THE STORY – Starr Carter is constantly switching between two worlds — the poor, mostly black neighborhood where she lives and the wealthy, mostly white prep school that she attends. The uneasy balance between these worlds is soon shattered when she witnesses the fatal shooting of her childhood best friend at the hands of a police officer. Facing pressure from all sides of the community, Starr must find her voice and decide to stand up for what’s right.
THE CAST – Amandla Stenberg, Regina Hall, Russell Hornsby, KJ Apa, Algee Smith, Lamar Johnson, Issa Rae, Sabrina Carpenter, Common & Anthony Mackie
THE TEAM – George Tillman Jr. (Director), Audrey Wells & Tina Mabry (Writers)
THE RUNNING TIME – 132 Minutes
By Will Mavity
If you had told me that a film based on a YA novel from the producers of the “Twilight” series and the director of “The Longest Ride” would be one of the most vital, compelling dramas of the year, I would have laughed in your face. And yet…here we are. “The Hate U Give” is a riveting, heartbreaking coming of age story, supported by a towering, star-making performance by Amandla Stenberg.
Starr (Stenberg) lives in a poor Mississippi neighborhood, raised by her caring parents Lisa (Regina Hall) and Maverick (Russell Hornsby). She and her brothers commute to a wealthy private school, where Starr finds herself masking her identity, listening to Taylor Swift and indie rock, and altering her speech patterns to blend in. When her childhood friend (“Detroit’s” magnetic Algee Smith) is killed by a police officer while unarmed, Starr is the only witness. As tension builds in the town in the aftermath of the shooting, Starr’s carefully kept barriers between her two selves begin to crumble, forcing her to discover exactly who she is and what kind of activist she will become. One part tragedy exploration, one part coming-of-age film.
If the film sounds big, even epic, that’s because it is. Clocking in at two hours and fifteen minutes, the film is a long emotional journey, bursting at the seams with assorted characters and plot threads. Not only is Starr struggling with the implications of being the sole witness to a murder, she is also balancing high school issues like a boyfriend (“Riverdale’s” KJ Apa), prom, as well as the constant threat of her neighborhood’s drug dealer, King (Anthony Mackie).
And yes, sometimes it’s all a little too much. There are undeniably a few too many characters. For example, a recurring Police Officer character played by Common is present essentially just to remind the audience that not all cops are bad. And sometimes, the narrative’s desire to present comic relief scenes undercuts the drama (This occurs well into the third act). The film also occasionally falls into the YA trope of utilizing voiceover too extensively. Some of this provides some seriously on-the-nose observations that essentially spell out the film’s themes for you. And ultimately, the film, in true mainstream studio drama fashion, wraps all of its many plot threads and themes up a bit too neatly.
But those are minor quibbles in comparison to the raw power the majority of the film has going for it. The entire ensemble is flawless. Stenberg especially, is absolutely devastating, utilizing her innate charm to its maximum potential at the film’s beginning and slowly eroding herself down to strands of pure live-wire emotion by the ending. Her eyes and voice say so much. You can’t bring yourself to look away, and you genuinely believe every step of her journey. Meanwhile, Russell Hornsby is a giant, portraying one of the best cinematic father figures in recent memory. He creates a rich, fully fleshed out character that transforms from menacing to nurturing to comic relief and back again at the drop of a hat.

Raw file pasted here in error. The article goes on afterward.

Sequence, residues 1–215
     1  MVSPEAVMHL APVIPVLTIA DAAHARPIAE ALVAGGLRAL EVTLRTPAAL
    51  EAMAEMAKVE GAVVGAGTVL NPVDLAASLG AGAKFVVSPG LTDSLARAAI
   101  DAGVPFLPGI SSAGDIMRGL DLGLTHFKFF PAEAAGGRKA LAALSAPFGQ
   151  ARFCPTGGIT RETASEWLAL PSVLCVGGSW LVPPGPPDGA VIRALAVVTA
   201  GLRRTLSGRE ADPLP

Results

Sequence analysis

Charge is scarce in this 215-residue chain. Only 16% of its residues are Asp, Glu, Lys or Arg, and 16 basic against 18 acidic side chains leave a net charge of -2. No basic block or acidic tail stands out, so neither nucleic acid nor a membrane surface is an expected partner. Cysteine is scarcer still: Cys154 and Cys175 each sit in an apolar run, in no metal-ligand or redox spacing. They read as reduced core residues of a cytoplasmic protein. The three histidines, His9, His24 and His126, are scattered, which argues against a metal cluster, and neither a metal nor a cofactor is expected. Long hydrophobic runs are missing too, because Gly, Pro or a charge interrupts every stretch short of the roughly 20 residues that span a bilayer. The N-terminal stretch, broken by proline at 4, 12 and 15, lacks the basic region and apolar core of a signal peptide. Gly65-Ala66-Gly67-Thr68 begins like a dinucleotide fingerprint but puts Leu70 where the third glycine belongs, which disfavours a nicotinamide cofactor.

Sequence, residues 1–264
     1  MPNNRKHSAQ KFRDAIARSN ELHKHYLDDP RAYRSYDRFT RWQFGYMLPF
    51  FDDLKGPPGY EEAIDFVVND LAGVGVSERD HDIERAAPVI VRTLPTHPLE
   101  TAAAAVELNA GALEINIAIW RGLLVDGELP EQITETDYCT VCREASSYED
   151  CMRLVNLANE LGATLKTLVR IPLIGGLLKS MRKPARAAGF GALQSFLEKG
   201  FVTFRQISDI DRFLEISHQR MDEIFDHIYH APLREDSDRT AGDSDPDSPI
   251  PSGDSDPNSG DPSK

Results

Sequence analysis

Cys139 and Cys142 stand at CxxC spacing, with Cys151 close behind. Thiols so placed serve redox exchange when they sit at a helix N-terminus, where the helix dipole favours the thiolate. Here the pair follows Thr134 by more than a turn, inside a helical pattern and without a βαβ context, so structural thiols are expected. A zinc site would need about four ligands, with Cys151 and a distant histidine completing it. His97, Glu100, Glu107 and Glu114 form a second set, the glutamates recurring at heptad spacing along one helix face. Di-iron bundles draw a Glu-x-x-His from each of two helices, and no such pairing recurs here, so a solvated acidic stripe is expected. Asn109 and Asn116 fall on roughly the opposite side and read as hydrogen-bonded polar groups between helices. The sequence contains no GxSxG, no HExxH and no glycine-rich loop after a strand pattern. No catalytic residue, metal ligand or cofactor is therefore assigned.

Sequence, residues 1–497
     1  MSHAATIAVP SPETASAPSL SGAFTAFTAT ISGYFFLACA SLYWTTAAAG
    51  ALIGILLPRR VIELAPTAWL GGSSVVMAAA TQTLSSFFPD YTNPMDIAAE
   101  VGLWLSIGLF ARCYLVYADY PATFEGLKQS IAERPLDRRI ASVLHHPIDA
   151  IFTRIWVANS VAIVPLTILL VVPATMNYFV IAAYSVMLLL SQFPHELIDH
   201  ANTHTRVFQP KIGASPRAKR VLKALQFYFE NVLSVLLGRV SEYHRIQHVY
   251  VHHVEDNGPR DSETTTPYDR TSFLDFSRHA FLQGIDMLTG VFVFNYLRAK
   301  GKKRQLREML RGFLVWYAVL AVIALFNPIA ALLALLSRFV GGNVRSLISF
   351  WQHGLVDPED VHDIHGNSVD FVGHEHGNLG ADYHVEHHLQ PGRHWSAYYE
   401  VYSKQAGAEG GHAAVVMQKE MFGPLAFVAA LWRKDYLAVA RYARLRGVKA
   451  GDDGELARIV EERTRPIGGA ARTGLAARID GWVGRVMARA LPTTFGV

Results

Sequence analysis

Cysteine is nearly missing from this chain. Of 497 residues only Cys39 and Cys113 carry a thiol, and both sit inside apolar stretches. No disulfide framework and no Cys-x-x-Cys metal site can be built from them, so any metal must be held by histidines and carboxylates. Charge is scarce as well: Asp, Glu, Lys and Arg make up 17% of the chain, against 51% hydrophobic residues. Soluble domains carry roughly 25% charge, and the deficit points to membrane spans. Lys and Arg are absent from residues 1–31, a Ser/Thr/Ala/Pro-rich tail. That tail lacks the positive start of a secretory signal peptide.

Cinematographer Mihai Malaimare Jr. (“The Master”) effectively communicates the differences between Starr’s two worlds: her neighborhood is swathed in shades of warm yellows while her school life is drenched in cold shades of blue. And he captures the film’s climactic riots with a real sense of chaos and urgency. Composer Dustin O’Halloran (“Lion“) lends the film touching orchestral chords that contrast nicely with the film’s rap tracks (including the Tupac song from which the film derives its name). And finally, we have to credit director George Tillman Jr. and writer Audrey Wells for making this long journey compelling. Even with the film’s many threads, the two keep the overarching narrative moving smoothly.
There’s so much to praise with “The Hate U Give.” The supporting characters are uncharacteristically well-fleshed out for a YA film, the plot points are sometimes unpredictable and largely devoid of clichés. The film wants to be so much more than just a ‘message movie’. It wants to be a true coming of age film about identity. And amazingly, partially because it is so long, it is able to be all three. You care about the characters. You feel their peril and their pain. And that is why the film is so effective. Each character is so much more than just a vessel for their beliefs. It is about so much more than just “a police shooting.” Tillman Jr. and Wells make broad swings and somehow hit a home run. They do the unthinkable. They actually manage to have their cake and eat it too. The adaptation has worked so effectively that this film could (and likely will) pass as an entirely non-YA project. It is the kind of bold yet accessible kind of mid-budget studio filmmaking that we need more of. Is it flawed? Sure. Could it have been more pointed in its arguments? Perhaps. But that same accessibility will be more likely to make viewers examine their own beliefs. As such, its many strengths more than overcome those flaws.
THE FINAL SCORE
THE GOOD – Full of compelling, raw emotion. Works as both a ‘message movie’ and coming of age film. Stenberg and Hornsby are jaw-dropping.
THE BAD – Overstuffed with characters and plot threads. Sometimes too on the nose with its voiceover.